An international consortium of researchers is exploring COVID-19’s psychological effects in 18 countries, and how compassion can help reduce pandemic-related stress.
The Australian study co-lead author, Dr Stan Steindl from The University of Queensland’s School of Psychology , said people worldwide simultaneously were feeling the effects in different ways.
“The pandemic itself brings fear and anxiety, as does the loneliness of staying distant from loved ones, and stress about job loss and financial insecurity,” Dr Steindl said.
“While these experiences are universal, different political and health systems and economic factors create varying experiences for us all.
“The study will explore the commonalities and differences across the responses globally and specifically for each country involved.”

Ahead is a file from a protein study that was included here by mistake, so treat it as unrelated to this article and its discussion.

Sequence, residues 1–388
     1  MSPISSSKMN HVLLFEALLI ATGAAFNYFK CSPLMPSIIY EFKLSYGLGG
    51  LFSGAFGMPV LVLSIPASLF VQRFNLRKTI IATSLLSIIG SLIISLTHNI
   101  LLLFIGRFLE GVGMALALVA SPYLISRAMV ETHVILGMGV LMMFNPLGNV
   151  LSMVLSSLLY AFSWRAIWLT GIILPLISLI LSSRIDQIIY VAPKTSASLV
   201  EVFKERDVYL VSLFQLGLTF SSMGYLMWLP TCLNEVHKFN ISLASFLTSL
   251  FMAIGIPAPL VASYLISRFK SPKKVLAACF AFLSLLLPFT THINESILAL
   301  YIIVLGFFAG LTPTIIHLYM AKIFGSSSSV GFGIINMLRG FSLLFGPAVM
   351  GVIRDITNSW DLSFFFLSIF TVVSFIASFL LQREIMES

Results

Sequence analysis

The study consists of a survey that takes 30 minutes to complete, and is repeated at three and six month follow-ups.
Dr Steindl said the questionnaire asked people to reflect on their psychological wellbeing, and how their experiences of living through the pandemic continued to change and develop.
“We are particularly interested in how people can stay connected, have a sense of care, support, safeness and belonging during these times, and how confident they feel returning to various aspects of social connectedness as time goes on,” Dr Steindl said.
“We will develop models out of the data and provide recommended strategies people can use to better cope, survive and thrive through a pandemic.
“The study will add to the body of work around compassion and its effect on managing stress and trauma.
“Given the enormity of what the world is going through due to COVID-19 and restrictions placed on us to manage it, we appreciate the contribution people can make by participating in and sharing this study.”
Dr James Kirby is co-leader of the Australian study.
The study website has more information.